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Become a Games User Researcher

10 May 2021

Become a Games User Researcher

One current hot role within the Video Games industry is ‘Games Researcher’


Are you looking to get into the video games industry and are hot on research? Then why not look into becoming a Games Researcher?

It’s often said that getting into the video games industry is a hard task, but if you have the transferable skills, drive and commitment, then getting through the video games door is achievable thorough the Games User Research route. 


We want to share some of the great knowledge and experience given by Steve Bromley (@steve_bromley), writer of “How To Be A Games User Researcher ” and look into how it really is possible to join the industry from elsewhere! 

Steve regularly writes newsletters on how to start your career in Games User Research.  Below we have an extract from his later newsletter where he explains some of the ways that user research in games is different to working in other industries.


Expect friction

Games user researchers need to be nuanced and put in more upfront work to understand the thing being tested. They need to understand the game well enough to know what difficulty the designer intended. This usually involves a lot of time working with designers to identify what the difficulty is meant to be and what players are meant to understand or be able to do before they should be allowed to progress. They need to moderate the session and capture notes in a way that recognises ‘intended’ challenge (that has been designed) and separates this from ‘unintended’ challenge (that is accidental).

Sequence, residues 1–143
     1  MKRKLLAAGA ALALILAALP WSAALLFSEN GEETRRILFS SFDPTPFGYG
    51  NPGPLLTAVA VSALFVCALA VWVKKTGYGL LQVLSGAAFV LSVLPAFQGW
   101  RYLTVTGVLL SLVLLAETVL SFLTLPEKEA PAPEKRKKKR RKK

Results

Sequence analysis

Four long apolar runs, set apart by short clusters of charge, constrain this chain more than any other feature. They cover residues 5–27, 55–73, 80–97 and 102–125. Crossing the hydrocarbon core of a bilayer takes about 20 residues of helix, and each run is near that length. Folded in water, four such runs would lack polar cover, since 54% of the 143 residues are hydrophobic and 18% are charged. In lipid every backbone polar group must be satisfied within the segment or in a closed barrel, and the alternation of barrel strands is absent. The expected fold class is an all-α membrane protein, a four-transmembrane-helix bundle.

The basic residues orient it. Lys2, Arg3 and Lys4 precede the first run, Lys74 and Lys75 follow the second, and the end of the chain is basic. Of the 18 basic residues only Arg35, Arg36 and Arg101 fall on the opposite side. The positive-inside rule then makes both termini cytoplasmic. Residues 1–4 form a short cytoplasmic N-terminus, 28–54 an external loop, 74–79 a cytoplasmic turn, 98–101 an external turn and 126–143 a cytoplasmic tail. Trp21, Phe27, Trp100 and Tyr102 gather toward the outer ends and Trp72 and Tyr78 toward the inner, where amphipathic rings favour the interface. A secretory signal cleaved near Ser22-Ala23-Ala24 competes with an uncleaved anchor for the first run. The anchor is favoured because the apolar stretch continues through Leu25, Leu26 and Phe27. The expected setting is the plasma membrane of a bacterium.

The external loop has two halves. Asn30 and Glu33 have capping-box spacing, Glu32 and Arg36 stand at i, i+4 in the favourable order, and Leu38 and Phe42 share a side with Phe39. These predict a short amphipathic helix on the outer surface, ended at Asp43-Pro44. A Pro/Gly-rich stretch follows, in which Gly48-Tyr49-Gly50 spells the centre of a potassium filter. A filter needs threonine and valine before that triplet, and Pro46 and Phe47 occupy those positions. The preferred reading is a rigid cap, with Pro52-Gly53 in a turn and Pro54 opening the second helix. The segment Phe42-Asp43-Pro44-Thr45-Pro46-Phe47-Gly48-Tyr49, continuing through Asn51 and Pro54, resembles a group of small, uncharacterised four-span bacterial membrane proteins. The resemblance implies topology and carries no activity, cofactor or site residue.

This also means that some of the typical things a user research team working outside of games (like ‘time to complete’), are not appropriate for games. These measures are not able to separate intended and unintended challenges.


Methodological constraints

Many games have big marketing budgets and excited fans who care deeply about the games being made. This puts them at high risk of leaks, and the consequences of leaks can be very expensive for the studio. So, secrecy is extremely important.

This includes asking participants to sign non-disclosure agreements and finding ways of actively preventing recording, such as removing their phones.

This need for secrecy has a big impact on the methods available to us. For extremely secretive games, all research has to be lab-based. This is particularly difficult for quant research. Other types of software can be distributed to users to use at their home, with unmoderated tools, surveys and analytics to capture their behaviour. With games, the huge risk of leaks means we can’t allow players to participate at home, and we need to bring them into a research lab. This leads to the need to build labs which can hold 10-40 players playing simultaneously.

For a researcher coming from other industries, this requires them to adapt their study designs so that it works as a mass playtest and adapt their moderation so that they can control a room of many players simultaneously.


Win a games user research poster and set of stickers

This month, Steve is giving away some games user research posters – Want to win? Simply sign up here to enter the competition.